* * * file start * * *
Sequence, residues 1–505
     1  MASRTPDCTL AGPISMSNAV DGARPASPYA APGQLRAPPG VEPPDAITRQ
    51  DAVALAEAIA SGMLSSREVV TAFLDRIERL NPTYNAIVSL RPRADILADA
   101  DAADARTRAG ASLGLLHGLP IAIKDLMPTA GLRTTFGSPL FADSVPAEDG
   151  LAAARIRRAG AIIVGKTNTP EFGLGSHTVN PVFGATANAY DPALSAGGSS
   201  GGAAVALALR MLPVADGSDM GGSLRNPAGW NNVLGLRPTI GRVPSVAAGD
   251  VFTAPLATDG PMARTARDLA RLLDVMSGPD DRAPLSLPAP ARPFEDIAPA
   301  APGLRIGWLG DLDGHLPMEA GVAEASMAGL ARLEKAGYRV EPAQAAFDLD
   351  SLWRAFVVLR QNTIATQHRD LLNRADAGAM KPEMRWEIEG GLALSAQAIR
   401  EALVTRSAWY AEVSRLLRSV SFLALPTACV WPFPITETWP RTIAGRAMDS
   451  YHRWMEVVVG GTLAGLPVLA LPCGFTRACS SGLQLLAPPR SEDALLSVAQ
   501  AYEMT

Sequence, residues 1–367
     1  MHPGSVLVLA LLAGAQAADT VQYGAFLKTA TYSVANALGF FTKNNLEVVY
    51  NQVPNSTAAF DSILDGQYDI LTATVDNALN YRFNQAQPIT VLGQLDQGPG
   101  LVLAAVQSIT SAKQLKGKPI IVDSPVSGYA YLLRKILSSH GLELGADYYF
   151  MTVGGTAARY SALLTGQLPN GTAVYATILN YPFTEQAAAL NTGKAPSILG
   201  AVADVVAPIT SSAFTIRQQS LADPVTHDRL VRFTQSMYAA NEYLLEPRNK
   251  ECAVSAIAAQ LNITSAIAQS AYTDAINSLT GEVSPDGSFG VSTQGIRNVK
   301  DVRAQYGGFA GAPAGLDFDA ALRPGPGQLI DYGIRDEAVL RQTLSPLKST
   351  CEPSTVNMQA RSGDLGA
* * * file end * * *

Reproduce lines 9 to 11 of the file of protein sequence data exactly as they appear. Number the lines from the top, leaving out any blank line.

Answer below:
   351  SLWRAFVVLR QNTIATQHRD LLNRADAGAM KPEMRWEIEG GLALSAQAIR
   401  EALVTRSAWY AEVSRLLRSV SFLALPTACV WPFPITETWP RTIAGRAMDS
   451  YHRWMEVVVG GTLAGLPVLA LPCGFTRACS SGLQLLAPPR SEDALLSVAQ